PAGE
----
Last night I heard the Brno State Philharmonic at the Janáčkovo divadlo. The hall is not so great. It reminds me of Corson Auditorium at Interlochen. It's not bad either. But the musicians seem to have trouble hearing from the back to the front of the stage. There were lots of strange intonation issues and untogether entrances. They played Shostakovich's Suite op. 145a, "Six songs after Michaelangelo." The bass soloist (singer) was great. But while the strings were suitably icy and static for Shostakovich generally, the bass solo (double bass) was rather weak and tentative. Considering that the entire bass section used the German-style bowhold (which is supposed to give a more aggressive sound), this was odd. The second half was Brahms's 4th Symphony. This was overall OK, but the last movement was rather brisk and it seemed under-rehearsed. I suppose it's one of those "war-horse" pieces that gets played so much they don't think they need to work on it. The conductor, Petr Altrichter, was too theatrical and seemed not to help the orchestra very much. The woodwinds (barring the principal bassoon) were generally offensively out of tune and played with insensitive tone. The clarinetist in particular had an unremarkable tone that could've been so much warmer and friendlier. The trombones were very good. Unfortunately there is no tuba in Brahms 4.

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Yesterday was the 25th anniversary of John Lennon's death. "Imagine" has been playing a lot on the radio here. One of the great homages to Lennon is a graffiti wall in Prague. Brno, unfortunately, does not have one as far as I know. I've clipped the below from flickr.

"On this Day" from the BBC.

The Ubiquitous "Read These Blogs" Post and Other Dirty Laundry

07 December 2005
It seems unlikely, but apparently there are a few blogs out there about Brno. I'm slowly exploring the "blogosphere" as well. It's kind of neat. People link to each others' blogs, and then they get more "authority" on certain blog indexes. One feels "connected" and has the illusion that one can be believed. While I don't completely buy into all of this, I have been finding it interesting to read blogs by other people with common interests. At least regarding Brno. I was surprised to find that there actually are other blogs about Brno in English!

I imagine that these blog writers will be more surprised to find that I am listing them here than I was to find them, but I hope they don't mind.

Another American (I assume) in Brno writes a blog about his experiences working here.

Another academic (it seems, affiliated with Univ. of Wisconsin) keeps a nice photoblog. (Note that this page has never been devoted solely to Brno, but there are lots of nice pictures if you search.)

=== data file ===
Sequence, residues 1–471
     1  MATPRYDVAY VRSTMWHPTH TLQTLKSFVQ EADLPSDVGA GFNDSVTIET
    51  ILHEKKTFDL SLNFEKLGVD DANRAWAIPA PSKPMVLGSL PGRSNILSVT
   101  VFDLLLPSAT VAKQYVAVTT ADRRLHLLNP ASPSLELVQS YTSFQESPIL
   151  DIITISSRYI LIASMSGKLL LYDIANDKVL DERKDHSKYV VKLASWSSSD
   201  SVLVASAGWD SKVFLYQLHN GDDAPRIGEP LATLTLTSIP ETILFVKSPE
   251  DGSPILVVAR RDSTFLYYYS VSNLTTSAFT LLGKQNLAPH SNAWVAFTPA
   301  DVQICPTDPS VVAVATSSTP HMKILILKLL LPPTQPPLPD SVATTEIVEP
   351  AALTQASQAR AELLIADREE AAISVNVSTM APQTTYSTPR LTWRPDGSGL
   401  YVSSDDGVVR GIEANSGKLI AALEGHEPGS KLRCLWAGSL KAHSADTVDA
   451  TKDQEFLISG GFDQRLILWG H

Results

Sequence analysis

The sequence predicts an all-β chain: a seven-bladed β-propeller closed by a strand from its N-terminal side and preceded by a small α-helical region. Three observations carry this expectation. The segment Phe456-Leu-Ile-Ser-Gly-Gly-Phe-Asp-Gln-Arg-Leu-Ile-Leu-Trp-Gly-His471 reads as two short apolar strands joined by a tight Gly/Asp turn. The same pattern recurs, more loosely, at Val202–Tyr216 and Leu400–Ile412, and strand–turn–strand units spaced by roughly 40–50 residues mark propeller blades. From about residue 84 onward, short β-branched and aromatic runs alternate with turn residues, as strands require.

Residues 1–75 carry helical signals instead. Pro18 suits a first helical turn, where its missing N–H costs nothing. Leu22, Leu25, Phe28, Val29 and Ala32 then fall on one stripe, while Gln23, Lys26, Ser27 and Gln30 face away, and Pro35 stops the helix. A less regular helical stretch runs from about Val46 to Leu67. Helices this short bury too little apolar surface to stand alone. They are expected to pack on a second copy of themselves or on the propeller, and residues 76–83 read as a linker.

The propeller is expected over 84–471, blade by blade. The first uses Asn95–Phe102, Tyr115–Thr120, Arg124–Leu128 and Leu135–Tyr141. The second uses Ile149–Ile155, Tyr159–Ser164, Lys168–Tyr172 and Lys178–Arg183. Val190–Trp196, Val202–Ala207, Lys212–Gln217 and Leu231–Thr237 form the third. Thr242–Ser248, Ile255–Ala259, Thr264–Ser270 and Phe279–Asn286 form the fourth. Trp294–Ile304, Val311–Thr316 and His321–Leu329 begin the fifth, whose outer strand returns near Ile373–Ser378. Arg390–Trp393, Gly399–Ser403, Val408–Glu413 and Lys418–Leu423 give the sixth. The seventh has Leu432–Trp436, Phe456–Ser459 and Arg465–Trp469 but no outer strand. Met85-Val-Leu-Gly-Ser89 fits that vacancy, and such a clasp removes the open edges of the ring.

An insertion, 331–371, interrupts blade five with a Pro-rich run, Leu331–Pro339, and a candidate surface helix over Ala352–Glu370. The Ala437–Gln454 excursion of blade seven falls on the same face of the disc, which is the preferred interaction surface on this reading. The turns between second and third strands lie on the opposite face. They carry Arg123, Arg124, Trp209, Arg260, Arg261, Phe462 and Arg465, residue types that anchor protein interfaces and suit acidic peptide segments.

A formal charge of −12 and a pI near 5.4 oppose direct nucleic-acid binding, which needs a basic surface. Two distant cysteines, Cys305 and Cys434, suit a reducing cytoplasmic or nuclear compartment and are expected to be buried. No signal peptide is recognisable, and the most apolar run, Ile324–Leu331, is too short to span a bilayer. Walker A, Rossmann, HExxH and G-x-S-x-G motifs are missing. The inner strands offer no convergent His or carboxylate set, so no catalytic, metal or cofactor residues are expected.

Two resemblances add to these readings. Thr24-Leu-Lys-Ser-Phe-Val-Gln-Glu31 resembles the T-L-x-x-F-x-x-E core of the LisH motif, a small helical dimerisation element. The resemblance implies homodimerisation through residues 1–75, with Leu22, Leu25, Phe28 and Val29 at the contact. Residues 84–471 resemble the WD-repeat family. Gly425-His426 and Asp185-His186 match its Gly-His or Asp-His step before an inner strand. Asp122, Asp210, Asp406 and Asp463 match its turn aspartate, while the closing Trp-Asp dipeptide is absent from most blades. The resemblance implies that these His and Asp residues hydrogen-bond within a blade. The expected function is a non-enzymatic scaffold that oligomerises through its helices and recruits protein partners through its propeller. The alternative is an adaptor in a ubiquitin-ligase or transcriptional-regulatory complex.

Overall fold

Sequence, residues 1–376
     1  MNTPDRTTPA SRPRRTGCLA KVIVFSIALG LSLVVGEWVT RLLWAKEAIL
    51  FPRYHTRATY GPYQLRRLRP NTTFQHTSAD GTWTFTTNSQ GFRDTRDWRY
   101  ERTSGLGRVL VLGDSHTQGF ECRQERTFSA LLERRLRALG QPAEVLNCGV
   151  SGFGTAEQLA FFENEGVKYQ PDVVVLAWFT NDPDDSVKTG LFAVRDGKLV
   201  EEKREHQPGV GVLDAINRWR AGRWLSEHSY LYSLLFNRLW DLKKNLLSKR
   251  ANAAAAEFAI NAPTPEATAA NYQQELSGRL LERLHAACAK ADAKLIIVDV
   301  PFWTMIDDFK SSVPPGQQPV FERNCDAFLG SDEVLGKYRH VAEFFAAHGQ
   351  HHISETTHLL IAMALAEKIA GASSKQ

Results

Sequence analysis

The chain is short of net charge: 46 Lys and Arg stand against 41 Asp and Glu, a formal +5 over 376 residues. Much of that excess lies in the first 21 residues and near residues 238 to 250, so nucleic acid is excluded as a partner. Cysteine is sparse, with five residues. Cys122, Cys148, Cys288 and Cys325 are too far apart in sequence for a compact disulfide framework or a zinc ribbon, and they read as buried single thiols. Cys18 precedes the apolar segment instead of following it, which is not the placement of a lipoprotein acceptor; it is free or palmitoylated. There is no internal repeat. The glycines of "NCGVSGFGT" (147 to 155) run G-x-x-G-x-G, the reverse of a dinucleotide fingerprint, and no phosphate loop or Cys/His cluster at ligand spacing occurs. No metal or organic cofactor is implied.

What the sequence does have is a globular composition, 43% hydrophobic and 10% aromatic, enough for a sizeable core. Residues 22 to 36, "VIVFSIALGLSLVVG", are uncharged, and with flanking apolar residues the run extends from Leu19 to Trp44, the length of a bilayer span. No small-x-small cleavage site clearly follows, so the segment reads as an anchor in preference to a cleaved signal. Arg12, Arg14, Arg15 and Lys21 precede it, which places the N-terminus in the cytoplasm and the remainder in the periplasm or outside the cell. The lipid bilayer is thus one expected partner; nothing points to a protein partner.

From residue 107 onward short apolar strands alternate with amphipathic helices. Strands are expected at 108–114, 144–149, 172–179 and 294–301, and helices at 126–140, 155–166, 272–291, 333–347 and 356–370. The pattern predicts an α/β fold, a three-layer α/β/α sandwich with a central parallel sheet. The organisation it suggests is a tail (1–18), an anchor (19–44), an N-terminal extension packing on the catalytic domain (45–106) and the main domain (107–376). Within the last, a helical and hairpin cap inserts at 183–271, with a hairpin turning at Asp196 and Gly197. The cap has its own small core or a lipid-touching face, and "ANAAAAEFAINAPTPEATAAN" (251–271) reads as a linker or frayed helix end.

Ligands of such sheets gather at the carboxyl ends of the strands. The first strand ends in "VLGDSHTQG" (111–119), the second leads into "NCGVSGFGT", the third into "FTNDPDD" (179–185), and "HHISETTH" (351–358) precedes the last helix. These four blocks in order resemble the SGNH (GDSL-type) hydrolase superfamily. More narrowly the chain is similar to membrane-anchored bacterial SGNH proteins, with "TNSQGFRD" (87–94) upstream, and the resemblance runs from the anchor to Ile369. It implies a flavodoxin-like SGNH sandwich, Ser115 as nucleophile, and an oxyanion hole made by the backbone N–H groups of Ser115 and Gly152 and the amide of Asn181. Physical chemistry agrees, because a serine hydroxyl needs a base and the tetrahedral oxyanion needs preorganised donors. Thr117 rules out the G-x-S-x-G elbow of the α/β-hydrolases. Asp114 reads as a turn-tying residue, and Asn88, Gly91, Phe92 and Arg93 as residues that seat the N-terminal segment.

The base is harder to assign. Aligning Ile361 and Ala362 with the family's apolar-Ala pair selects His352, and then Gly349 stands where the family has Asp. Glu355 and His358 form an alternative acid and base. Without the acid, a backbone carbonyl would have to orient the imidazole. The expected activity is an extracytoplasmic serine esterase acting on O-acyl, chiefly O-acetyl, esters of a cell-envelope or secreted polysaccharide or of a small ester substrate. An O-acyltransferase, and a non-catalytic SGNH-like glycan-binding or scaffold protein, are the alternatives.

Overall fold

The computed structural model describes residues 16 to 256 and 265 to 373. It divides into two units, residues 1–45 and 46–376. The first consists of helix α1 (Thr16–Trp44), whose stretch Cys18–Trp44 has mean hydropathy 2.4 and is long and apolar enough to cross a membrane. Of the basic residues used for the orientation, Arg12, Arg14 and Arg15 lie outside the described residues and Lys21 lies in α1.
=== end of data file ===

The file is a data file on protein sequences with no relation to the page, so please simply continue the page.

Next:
Now, one more item. While I have my own laundry experiences, laundry stories generally seem to be a trope among Americans living abroad. So, you can read Karla's, Kristen's, and OYNAG's (if you're interested).

Find similar posts with these Technorati Tag links: , .

Zvláštní Austerlitz 2005

Strange trip?
Originally uploaded by youplayawhat.
[Scene at the bus stop]

Czechs: [translation] Hey, is that our bus?

French: Oui.

Czechs: Well, what are you doing on it?

French: --

Czechs: Yes, going to the frolic, no doubt. Oh boy! So are we. What a strange trip this is.

French: Oui.

Czechs: Pardon us, do you have any grey poupon? We have only the cheap yellow kind.

French: Oui!


On Saturday, 2 December 2005, I went with a group of Fulbrighters and friends to see the battle of Austerlitz rise again. It was on a field with scale-model model houses and things that actually burned down. From our vantage point, the people looked like scale models too. ("Hey, is that grey dot on the white horse Napoleon?" "Yeah, I think so." "How can you tell?" "Well, see he's wearing that funny hat." "No, I don't really." "Well, it's very small." "Ah yes, a scale-model original.") The original battle, in which Napoleon's army of 75,000 routed the combined Austrian and Russian armies of 90,000, has become rather legendary. You might have guessed that the French won from the dialogue above. But you probably didn't since it may have given the impression that the French were all driving around on a snowy field in fancy cars insulting the Czech's cheap yellow mustard. In reality the re-enactors (French, Czech, Austrian, Russian alike) were overcrowding the city transport and drinking too much cheap Czech beer. Overall the re-enactment was, well, small and far-away. The most dramatic part was the burning church and barns, which you can see by clicking on the picture at left (click on the slideshow feature at the right when you get to "Vive la France!"